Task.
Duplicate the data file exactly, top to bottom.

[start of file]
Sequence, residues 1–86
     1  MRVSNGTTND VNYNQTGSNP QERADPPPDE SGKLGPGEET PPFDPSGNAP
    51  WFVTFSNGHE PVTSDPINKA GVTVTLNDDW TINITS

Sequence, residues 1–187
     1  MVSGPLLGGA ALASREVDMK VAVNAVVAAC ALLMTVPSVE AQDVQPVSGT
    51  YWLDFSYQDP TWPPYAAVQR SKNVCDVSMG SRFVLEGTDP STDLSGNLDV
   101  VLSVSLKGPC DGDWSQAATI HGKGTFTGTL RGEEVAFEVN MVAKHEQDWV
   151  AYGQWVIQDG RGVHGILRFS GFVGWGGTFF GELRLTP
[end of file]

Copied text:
Sequence, residues 1–86
     1  MRVSNGTTND VNYNQTGSNP QERADPPPDE SGKLGPGEET PPFDPSGNAP
    51  WFVTFSNGHE PVTSDPINKA GVTVTLNDDW TINITS

Sequence, residues 1–187
     1  MVSGPLLGGA ALASREVDMK VAVNAVVAAC ALLMTVPSVE AQDVQPVSGT
    51  YWLDFSYQDP TWPPYAAVQR SKNVCDVSMG SRFVLEGTDP STDLSGNLDV
   101  VLSVSLKGPC DGDWSQAATI HGKGTFTGTL RGEEVAFEVN MVAKHEQDWV
   151  AYGQWVIQDG RGVHGILRFS GFVGWGGTFF GELRLTP